I have been making soy candles for over 10 years now. I use to make them and take them to craft fairs and home parties but I have just became so busy that it isn’t feasible anymore. I still make them but just when someone requests them now. I make jar candles, votives, tea lights, pillars, floaters and car fresheners. I have done centerpieces and gift baskets and even shower favors. My favorite is making candles in baby food jars in the scent of baby powder and tying them up with pastel ribbons. They go over huge at baby showers. Wedding showers I have done wine and champagne glass favors in the wedding colors as well.
I started making my own candles when I realized just how much I was spending on Yankee candles as I was addicted. My husband bought me a Yankee candle for my birthday about 10 years ago. It was one of the big ones with 3 layers of different apple scents. This candle cost 30$!! But I thought, Oh well, it’s Yankee. I lit the candle as soon as I opened the gift and let it sit on my dining room table. About 4 hours later I went by the candle it had gone out and the wick had melted down into the wax.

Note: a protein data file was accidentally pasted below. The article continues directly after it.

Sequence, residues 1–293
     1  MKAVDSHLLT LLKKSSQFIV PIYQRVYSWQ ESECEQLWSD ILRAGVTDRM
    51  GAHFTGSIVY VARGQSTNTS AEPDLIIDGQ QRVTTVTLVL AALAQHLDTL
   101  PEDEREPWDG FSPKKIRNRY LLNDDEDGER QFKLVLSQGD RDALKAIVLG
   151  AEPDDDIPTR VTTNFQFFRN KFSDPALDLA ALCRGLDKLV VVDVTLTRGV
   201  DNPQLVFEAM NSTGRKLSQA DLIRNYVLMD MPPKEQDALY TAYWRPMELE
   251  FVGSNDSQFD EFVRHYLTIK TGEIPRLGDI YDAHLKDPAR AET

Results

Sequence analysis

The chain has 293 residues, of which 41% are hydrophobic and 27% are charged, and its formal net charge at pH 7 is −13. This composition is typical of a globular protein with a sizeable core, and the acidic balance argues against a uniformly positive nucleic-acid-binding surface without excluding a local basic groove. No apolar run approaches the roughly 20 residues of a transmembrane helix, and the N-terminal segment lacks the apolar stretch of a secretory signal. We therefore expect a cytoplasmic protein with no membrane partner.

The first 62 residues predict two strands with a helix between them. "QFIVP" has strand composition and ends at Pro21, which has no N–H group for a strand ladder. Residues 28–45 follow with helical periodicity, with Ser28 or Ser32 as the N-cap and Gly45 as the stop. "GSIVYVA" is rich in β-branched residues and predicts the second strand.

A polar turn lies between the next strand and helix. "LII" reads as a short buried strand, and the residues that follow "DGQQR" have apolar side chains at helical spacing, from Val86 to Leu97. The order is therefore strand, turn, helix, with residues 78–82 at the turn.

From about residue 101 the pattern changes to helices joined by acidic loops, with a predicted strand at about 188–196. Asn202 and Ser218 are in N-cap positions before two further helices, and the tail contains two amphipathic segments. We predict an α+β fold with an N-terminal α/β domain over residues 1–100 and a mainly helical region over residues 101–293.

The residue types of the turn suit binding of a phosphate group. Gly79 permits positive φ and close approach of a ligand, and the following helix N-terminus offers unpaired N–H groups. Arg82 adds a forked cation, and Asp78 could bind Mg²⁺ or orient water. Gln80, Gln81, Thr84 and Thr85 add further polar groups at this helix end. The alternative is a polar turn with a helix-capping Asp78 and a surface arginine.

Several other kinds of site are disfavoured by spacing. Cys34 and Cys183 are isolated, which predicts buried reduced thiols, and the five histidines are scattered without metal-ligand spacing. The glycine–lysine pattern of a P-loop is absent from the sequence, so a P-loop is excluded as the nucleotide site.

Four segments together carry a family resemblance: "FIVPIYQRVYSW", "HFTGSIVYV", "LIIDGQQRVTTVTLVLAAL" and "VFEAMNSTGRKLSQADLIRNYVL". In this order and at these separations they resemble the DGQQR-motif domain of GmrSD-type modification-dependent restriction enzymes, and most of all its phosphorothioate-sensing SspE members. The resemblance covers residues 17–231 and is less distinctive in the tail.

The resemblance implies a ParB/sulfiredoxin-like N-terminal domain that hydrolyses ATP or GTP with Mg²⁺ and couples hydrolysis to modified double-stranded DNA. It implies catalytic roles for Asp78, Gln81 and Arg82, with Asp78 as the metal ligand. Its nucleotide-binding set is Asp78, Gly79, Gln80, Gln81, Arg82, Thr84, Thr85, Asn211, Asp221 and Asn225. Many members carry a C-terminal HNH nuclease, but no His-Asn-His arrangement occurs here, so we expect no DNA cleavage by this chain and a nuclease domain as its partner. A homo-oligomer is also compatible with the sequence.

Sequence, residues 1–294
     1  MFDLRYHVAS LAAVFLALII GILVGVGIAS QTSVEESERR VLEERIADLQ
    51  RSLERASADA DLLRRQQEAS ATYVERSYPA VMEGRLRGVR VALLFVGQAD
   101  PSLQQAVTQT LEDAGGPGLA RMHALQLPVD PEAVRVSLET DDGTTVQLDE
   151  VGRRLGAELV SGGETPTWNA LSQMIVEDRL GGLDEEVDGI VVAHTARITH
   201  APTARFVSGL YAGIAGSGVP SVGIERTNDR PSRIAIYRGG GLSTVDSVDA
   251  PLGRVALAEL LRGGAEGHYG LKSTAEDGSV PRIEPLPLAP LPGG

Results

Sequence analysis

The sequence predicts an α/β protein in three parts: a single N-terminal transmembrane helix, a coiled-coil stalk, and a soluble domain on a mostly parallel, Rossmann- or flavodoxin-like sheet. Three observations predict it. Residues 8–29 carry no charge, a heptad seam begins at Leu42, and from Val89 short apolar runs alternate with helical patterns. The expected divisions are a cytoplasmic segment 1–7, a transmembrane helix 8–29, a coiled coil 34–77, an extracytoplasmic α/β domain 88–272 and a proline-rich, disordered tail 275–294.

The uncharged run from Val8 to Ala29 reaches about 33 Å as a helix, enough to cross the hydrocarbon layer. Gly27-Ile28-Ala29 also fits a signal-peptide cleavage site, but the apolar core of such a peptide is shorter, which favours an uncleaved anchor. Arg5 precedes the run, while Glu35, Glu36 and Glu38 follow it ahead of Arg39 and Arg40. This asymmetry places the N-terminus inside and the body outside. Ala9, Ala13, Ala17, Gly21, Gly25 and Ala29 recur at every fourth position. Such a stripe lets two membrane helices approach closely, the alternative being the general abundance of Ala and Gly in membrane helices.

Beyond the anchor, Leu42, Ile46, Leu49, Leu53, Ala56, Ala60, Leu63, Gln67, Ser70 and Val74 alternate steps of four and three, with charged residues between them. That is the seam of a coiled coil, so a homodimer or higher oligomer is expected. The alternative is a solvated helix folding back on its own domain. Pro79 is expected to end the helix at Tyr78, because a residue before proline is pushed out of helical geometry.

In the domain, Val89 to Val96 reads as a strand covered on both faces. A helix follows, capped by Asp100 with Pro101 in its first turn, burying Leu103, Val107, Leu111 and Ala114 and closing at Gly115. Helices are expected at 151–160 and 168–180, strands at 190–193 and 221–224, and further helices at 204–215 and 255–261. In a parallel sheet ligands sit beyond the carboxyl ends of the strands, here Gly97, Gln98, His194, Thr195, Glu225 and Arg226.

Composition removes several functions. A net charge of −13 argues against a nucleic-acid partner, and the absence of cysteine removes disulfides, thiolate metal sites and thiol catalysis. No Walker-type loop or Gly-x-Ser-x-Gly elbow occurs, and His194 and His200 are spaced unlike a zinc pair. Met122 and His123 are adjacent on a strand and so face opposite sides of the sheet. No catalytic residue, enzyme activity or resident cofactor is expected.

It was so buried, I could not retrieve it. I took the candle to the Hallmark store where my hubby bought it and was quickly told, they do not refund or exchange candles for any reason. So I had a candle that my husband spent 30$ on that I could not even light. I went to Michael’s and bought some wicks and some glass jars. I went home and chipped the wax out of the Yankee candle and remelted it in an old pot. ( would not recommend this again unless you are going to throw the pot out).